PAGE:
Although Television, Fax machines, and the Worldwide Web (internet) replaced the use of the Telegraph, it DID make way for those inventions that followed.
*Did you know? SOS is the internationally recognized signal for “help” it stands for nothing and is only adopted because it is easy to transmit. In Morse Code, S is three dots, while O is three dashes.
Postal Service Growth
Even though the abandonment of this delivery system took place, the mail had to go on. The Postal Service continued to grow and expand services.
Information according to https://www.history.com/this-day-in-history/u-s-postal-system-established:
“Today, the United States has over 40,000 post offices, and the postal service delivers 212 billion pieces of mail each year to over 144 million homes and businesses in the United States, Puerto Rico, Guam, the American Virgin Islands, and American Samoa. The postal service is the nation’s largest civilian employer, with over 700,000 career workers, who handle more than 44 percent of the world’s cards and letters. The postal service is a not-for-profit, self-supporting agency that covers its expenses through postage (stamp use in the United States started in 1847) and related products. The postal service gets the mail delivered, rain or shine, using everything from planes to mules. However, it’s not cheap: The U.S. Postal Service says that when fuel costs go up by just one penny, its costs rise by $8 million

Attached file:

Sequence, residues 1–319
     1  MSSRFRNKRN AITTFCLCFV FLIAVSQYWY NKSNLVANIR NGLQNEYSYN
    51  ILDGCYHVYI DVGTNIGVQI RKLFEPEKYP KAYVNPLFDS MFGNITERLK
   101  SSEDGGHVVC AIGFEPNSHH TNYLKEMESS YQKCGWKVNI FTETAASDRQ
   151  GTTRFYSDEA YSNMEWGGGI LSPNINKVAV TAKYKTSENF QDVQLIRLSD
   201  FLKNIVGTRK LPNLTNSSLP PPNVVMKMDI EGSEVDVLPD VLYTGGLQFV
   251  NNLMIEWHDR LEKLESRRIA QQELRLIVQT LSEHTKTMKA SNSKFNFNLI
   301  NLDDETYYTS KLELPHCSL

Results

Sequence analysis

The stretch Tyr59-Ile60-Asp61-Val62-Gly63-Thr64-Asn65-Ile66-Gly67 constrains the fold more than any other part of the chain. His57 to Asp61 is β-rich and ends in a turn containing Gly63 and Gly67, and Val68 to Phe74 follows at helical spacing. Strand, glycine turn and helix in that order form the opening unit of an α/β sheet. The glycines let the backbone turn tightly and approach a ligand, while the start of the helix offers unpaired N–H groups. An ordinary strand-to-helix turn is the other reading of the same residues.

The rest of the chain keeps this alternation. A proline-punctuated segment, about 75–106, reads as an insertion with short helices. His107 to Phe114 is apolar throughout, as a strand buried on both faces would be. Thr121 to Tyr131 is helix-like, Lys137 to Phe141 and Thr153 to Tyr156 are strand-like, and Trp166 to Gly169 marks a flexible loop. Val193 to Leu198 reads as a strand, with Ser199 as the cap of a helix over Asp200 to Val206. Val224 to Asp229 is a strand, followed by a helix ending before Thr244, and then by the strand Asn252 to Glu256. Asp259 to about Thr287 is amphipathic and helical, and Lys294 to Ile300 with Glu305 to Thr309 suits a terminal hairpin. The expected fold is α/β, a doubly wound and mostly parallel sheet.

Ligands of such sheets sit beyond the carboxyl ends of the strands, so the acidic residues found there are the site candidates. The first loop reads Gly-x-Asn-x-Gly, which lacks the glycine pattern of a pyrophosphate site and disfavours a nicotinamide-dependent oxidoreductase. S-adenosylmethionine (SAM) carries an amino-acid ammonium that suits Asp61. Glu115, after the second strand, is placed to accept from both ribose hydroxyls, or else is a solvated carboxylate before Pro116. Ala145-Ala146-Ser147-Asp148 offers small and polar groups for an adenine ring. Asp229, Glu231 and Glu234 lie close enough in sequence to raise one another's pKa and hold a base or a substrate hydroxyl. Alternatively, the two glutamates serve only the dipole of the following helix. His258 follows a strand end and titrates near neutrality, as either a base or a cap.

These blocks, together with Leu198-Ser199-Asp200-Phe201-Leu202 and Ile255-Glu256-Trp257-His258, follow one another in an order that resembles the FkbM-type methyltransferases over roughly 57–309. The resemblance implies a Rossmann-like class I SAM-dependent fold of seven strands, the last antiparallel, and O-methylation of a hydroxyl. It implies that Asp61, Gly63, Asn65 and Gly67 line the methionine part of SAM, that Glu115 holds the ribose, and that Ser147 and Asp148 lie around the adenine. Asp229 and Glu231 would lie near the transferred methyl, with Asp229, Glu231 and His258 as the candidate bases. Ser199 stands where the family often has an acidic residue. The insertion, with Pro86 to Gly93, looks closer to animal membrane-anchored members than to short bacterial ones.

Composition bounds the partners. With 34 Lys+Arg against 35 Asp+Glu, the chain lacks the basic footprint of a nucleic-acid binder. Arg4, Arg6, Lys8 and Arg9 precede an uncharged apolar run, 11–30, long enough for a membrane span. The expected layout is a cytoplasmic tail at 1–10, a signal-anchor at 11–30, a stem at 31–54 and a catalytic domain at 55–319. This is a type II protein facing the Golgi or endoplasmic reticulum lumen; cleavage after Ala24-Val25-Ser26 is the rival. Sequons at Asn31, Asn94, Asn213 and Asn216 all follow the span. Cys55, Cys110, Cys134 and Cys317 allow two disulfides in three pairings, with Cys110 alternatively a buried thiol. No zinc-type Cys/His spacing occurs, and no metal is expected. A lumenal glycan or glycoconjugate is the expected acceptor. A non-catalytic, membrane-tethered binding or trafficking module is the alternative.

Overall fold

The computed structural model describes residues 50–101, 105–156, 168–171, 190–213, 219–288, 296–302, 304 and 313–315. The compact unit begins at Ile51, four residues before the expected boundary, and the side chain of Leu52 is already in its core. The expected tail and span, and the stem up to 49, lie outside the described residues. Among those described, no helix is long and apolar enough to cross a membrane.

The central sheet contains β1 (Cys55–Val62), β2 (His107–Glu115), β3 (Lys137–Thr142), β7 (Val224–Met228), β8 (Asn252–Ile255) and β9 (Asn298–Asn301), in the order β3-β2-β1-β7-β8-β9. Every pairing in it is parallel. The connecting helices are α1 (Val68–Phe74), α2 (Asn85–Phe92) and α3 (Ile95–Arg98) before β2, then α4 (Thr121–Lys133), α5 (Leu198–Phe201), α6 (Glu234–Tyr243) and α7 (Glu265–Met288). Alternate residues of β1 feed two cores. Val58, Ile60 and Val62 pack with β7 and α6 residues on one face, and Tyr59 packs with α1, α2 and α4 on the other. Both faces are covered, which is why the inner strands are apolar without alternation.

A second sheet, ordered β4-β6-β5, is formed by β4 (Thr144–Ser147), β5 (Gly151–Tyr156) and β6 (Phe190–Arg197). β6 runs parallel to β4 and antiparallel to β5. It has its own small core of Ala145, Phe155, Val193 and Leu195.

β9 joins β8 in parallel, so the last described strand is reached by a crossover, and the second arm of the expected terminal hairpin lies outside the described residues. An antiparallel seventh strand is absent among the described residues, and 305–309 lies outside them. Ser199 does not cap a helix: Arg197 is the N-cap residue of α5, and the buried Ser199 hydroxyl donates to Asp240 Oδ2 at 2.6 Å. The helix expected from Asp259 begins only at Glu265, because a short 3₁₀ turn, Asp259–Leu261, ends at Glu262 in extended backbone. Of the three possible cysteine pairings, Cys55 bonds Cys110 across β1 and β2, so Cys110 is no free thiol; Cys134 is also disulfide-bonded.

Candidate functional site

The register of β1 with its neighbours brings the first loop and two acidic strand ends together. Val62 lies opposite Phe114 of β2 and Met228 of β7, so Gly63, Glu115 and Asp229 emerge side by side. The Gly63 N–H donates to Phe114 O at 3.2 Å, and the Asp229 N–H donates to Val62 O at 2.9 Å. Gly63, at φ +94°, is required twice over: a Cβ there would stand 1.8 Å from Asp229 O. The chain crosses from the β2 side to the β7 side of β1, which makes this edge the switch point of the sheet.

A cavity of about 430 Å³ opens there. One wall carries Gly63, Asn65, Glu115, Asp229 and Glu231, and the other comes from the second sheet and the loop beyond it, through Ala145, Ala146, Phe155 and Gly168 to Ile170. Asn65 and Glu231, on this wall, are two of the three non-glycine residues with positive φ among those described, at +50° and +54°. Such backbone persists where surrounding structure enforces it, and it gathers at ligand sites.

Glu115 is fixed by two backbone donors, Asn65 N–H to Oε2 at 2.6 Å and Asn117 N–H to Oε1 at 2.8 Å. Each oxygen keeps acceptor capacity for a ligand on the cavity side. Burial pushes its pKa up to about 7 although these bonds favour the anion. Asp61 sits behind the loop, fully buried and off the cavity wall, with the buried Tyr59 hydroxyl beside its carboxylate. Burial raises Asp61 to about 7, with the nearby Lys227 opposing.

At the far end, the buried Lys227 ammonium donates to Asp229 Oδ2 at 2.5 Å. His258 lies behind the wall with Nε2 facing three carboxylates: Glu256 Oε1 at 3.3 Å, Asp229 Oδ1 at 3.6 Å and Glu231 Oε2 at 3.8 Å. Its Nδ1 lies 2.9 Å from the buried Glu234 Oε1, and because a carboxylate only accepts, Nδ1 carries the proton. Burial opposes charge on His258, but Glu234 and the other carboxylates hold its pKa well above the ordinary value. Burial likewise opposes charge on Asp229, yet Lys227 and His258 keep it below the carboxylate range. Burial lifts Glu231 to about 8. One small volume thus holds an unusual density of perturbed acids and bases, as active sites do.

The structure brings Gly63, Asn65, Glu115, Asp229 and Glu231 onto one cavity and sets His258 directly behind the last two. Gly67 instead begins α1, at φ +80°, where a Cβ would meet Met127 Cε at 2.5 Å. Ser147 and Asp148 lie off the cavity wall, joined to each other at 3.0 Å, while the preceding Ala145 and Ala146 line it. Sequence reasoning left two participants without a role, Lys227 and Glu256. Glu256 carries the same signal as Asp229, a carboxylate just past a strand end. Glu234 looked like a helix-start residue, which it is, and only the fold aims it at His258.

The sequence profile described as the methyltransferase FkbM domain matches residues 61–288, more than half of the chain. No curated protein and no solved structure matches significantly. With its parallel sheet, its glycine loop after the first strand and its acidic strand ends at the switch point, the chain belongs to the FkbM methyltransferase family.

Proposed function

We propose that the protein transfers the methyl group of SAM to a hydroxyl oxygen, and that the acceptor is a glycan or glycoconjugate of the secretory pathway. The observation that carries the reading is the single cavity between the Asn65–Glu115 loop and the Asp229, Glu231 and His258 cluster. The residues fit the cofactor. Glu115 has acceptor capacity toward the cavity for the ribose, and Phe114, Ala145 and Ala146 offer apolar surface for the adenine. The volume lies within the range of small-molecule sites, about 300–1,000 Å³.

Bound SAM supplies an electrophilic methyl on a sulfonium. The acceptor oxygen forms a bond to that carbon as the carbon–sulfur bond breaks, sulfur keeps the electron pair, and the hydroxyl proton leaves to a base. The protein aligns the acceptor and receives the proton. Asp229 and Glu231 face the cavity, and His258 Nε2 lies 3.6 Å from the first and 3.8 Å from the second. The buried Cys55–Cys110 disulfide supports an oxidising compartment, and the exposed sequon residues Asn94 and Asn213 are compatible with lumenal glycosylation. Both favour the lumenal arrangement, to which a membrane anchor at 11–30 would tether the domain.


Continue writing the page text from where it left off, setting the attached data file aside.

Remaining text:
Today, with the widespread distribution of the internet, Email, has become the “go-to” for communication. Electronic mail (email) has all but replaced the postman on his rounds.
There are several factors that make email desirable over “snail mail”:
- Speed: Absolutely the BEST advantage to email over snail mail is the speed of delivery. Whereas it could take a week to 10 days for a snail mail letter to reach its designation, email is almost instantaneous.
- Anytime Delivery: Email can be delivered anytime and picked up at the convenience of the recipient.
- Cost: Normally, the cost of sending a letter via snail mail is under $1.00, and the cost of sending an email anywhere in the world is free. (If you figure your computer is going to be on and running anyway)
- Multiple receivers: If you need to send a message to numerous people, it will cost you for every letter you send by snail mail, however, sending a message to multiple people VIA email takes seconds. (Use the BCC – Blind Carbon Copy) so that you don’t expose everyone’s email address.
- Adding Attachments is easy: simply click on the paper clip icon on the email toolbar then choose which attachment you want to send; pictures, Word Docs, PDFs, etc.
- Receiving Email: there is no comparison to which is easier to receive when you consider you must physically be at a residence to receive snail mail, and you can be anywhere in the world and receive an email on your cell phone.
Mail service has made strides over the years, and it is exciting to think about how technology will advance communication in the future!